connected to a number of local offenders illegal use of those vehicles, ultimately leading to a high number abandoned in the
area, causing serious concern to residents.
This was the first time I had seen several problems linked to be addressed collectively, and admit being sceptical as
to how we could tackle this successfully as a partnership initiative, although it was clear both officers were genuinely
committed to using their Police problem solving model to target the range of local problems.
It is now clear the Boswell project has had a direct impact on the significant reduction in vehicle crime, permanent removal
of un-roadworthy runabout cars, and successful prosecution of a number of offenders.
The Police Boswell project serves as an excellent example of a problem-oriented partnership in action for several reasons;
Firstly, Keith and Ian, demonstrated a robust knowledge of the key elements, contributing factors and their effects on the
community. Secondly, they displayed a keen understanding of the problems dynamics, which fostered an environment in
which law and rule breaking in Morecambe had become the norm.
Thirdly, they were able to establish and co-ordinate an effective partnership and good working relationship with many of
those affected by the problem, ultimately forging a common interest in improving quality of life in the area.
In conclusion, I am aware of the submission for a Home Office award for excellence in problem oriented policing and
crime reduction, and feel as the Boswell project has been very thoroughly researched with a great deal of initiative put into it
with measurable community benefits, it should be seriously considered as a very strong contender.
Senior Traffic Examiner
Cumbria & North West Lancashire
Driver & Vehicle Licensing Agency.
Enforcement & Recovery Agency.
Other Government Agencies.
Crushed Abandoned bangers
Police target PC’s Ian Johnston and Keith
Collins are behind Operation
get the Boswell Boot
dodgy cars Boswell and agreed there was
a problem, adding, Morecambe has become a cleaner The officer’s philosophy is simple,
and criminals “ We are working with DVLA
and healthier place to live thanks to
the work of two local bobbies who
removing criminals cars removes
the means to commit further crime.
POLICE swooped into officers seizing dangerous and have worked tirelessly for the last Standing by this, has seen 106 cars
Morecambe this week with a untaxed cars and in the worst nine months ridding the local streets taken off the roads together with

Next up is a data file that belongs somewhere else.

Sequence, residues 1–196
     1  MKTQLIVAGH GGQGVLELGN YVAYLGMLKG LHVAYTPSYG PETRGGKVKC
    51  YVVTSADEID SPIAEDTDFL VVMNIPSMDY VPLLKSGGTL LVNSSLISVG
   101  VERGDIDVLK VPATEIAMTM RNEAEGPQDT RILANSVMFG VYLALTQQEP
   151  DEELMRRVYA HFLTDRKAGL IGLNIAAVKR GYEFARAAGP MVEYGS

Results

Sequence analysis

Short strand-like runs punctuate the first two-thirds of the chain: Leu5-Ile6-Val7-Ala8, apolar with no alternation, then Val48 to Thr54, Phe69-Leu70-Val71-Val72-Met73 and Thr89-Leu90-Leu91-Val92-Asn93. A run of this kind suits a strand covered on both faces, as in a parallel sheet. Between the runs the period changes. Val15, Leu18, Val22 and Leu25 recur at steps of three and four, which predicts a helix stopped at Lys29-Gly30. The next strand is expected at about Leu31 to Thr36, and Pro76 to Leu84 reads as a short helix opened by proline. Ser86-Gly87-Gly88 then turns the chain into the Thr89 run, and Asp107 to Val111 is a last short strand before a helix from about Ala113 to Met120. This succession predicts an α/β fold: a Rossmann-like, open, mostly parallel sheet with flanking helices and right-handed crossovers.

special operation codenamed cases having them and any of the abandoned and un-roadworthy more than 40 local criminals..
Boswell targeting uninsured and abandoned cars destroyed. It cars . That in turn has lead to a 35%
untaxed cars being driven by is an uphill battle, but we have Constables Keith Collins and Ian reduction in auto crime offences, a
local criminals. already removed nearly 100 Johnston are behind the successful reduction in household burglaries
Police are on the lookout for abandoned cars and making scheme named Operation Boswell, and £74,000 savings for the treasury
wrecks and bangers, many of in-roads into targeting the that has seen 270 permanently in car tax revenue.
which are dangerous and not fit dangerous vehicles and the removed and destroyed, whilst PC Keith Collins commented, “We
to be on the road. criminals who drive them” working in partnership with the asked at the start to be judged on our
When their usefulness has Driver & Vehicle Licensing Unit and results, the best reward is the
expired the criminals dump PC Johnston added, “Without City Council. satisfaction of the residents of a job
them in the streets and simply a car these criminals cannot The scheme has also been targeting well done, it is pleasing to see we
get another from a scrap yard or move around and commit un-taxed and un-insured cars being have made an impact and improved
car auction for as little as fifty further crimes, we ask to be driven by local criminals.. the quality of life in Morecambe ”
pounds.. This has led to over judged on our results and are
260 abandoned cars littering the looking to have made an
local streets, causing residents to impact by the end of the
be up in arms. year.” Appendix H